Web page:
“That is well meant, but I must face the chimaera alone. If I fail though…, these are good people; they deserve a good leader.”
Alfred was making his way across the room toward them. As he got closer, Godric saw the subtle shift of bearing and expression, as Æthelrand once more assumed his bombastic guise. “Did I not see the two of you arm wrestling earlier? I think Godric bested you Alfred. I’ll wager this gold coin that it’s your turn to triumph.” He had spoken loudly, and many around heard, and began cheering, and making wagers of their own.
Helga had come in, and was sitting companionably with Rowena and Emmeline. She was light-heartedly teasing Rowena, trying to get her to come dance. “If Godric loses,” she said playfully, “I’ll let it alone, but if he wins, then you’ll come dance with us.” Rowena lifted her cup of mead, drank, then nodded gravely.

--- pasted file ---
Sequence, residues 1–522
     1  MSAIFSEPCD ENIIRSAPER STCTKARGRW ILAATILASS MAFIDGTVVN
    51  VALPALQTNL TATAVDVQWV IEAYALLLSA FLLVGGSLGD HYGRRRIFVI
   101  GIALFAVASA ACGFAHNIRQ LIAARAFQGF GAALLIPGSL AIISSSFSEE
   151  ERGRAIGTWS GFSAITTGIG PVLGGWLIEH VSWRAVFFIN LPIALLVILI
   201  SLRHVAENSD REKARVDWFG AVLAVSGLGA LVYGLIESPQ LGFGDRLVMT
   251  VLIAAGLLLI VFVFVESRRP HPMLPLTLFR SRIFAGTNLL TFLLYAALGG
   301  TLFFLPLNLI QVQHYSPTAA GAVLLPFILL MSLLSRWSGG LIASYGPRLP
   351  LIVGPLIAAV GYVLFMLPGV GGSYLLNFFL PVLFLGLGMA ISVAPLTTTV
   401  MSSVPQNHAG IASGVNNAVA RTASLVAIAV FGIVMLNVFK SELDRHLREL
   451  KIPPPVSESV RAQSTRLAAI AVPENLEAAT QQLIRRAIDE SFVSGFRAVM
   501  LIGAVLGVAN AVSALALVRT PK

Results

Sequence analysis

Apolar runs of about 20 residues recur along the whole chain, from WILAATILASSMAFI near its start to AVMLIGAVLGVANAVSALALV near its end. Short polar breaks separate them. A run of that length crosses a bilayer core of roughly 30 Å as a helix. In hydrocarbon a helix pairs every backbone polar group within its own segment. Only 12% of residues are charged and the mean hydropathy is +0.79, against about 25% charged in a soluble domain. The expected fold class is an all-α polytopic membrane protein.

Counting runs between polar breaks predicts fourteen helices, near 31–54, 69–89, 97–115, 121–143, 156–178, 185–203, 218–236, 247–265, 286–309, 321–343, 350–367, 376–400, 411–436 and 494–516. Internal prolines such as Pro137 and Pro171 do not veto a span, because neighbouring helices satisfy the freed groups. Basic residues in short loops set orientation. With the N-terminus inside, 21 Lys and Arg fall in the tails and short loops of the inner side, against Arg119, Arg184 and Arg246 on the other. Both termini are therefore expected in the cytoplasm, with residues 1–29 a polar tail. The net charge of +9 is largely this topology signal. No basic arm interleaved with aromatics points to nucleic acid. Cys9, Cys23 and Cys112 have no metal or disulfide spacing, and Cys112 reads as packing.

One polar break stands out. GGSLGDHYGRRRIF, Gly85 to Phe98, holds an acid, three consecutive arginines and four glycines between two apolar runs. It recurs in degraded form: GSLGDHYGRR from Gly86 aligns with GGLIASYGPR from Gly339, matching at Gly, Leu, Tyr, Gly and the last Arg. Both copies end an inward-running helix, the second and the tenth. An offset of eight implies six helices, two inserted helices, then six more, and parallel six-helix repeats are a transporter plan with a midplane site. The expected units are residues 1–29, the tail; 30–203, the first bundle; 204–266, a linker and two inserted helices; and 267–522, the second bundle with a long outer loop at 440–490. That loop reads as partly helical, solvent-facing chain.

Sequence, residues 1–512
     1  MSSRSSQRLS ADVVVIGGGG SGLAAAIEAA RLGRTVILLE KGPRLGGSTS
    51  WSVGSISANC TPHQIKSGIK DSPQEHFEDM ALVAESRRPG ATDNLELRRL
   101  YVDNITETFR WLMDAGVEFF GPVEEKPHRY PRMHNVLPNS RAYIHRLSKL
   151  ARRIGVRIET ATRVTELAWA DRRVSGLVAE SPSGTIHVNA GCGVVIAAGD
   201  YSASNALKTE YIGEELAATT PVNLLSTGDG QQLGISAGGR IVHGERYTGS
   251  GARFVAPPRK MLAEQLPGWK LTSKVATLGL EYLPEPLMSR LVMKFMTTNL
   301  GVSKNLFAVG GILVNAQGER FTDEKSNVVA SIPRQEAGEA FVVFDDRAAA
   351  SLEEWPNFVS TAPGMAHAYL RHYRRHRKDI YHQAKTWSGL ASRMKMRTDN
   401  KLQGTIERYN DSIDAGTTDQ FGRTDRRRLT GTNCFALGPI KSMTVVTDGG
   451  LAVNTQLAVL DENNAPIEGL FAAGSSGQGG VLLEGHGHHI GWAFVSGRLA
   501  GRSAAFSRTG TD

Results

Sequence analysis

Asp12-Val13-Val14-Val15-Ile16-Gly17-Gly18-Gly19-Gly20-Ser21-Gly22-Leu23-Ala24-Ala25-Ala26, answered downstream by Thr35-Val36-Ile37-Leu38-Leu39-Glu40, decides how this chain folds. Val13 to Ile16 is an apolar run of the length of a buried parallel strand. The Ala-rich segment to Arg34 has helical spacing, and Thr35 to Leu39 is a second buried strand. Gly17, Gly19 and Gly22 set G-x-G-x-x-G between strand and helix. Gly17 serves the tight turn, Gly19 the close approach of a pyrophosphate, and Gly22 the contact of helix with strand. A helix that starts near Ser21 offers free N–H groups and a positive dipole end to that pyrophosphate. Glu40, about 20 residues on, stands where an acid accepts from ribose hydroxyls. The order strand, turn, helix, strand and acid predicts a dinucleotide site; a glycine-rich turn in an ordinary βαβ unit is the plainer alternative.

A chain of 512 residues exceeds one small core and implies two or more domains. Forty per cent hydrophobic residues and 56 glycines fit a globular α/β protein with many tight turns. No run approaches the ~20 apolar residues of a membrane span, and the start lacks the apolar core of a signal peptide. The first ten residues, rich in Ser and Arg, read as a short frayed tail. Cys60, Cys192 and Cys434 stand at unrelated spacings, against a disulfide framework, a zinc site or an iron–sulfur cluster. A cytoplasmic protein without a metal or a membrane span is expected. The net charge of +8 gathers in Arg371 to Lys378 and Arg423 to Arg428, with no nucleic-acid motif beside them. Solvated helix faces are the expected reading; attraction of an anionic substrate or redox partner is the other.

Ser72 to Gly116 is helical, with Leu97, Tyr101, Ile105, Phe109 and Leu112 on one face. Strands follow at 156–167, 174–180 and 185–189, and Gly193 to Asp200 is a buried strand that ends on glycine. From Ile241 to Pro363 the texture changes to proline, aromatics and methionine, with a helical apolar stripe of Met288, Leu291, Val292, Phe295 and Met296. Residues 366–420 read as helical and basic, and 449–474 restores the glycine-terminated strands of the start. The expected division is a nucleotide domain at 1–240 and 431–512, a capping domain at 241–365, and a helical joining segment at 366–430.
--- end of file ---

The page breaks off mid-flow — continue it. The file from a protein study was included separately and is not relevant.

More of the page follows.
The musicians played on, and the dancers spun and stomped, as Godric and Alfred positioned themselves across a table. The combat was fierce and prolonged. There was much cheering and whooping, until finally Godric forced Alfred’s hand down to the table, and sat back, his brow shiny with sweat. Those watchers who had bet on him exploded with cheers and applause, and Helga jumped to her feet.
“Come!” She cried joyfully, “Come and dance!” Half reluctantly, half eagerly, Rowena rose, letting Helga lead her by the hand into the cleared space. Her head buzzed and spun pleasantly with mead, and she felt a swell of affection for Helga, as her body began to respond to the music.
Alfred and Godric retrieved fresh cups from a tray, and drained them. “Sorry about the gold coin,” Godric said with insincere regret.
“That’s all right,” Alfred replied genially, “Eldwin there, he’s the carpenter, he owes me. He’s been putting me off, but Æthelrand will dispense justice here day after tomorrow, and he’ll rule in my favour. I’ll be in fine state in a few days.”
“Dispense justice,” Godric said in some surprise. Æthelrand was so flamboyant, and so pragmatic about his upcoming battle, that Godric hadn’t thought about his other duties as lord.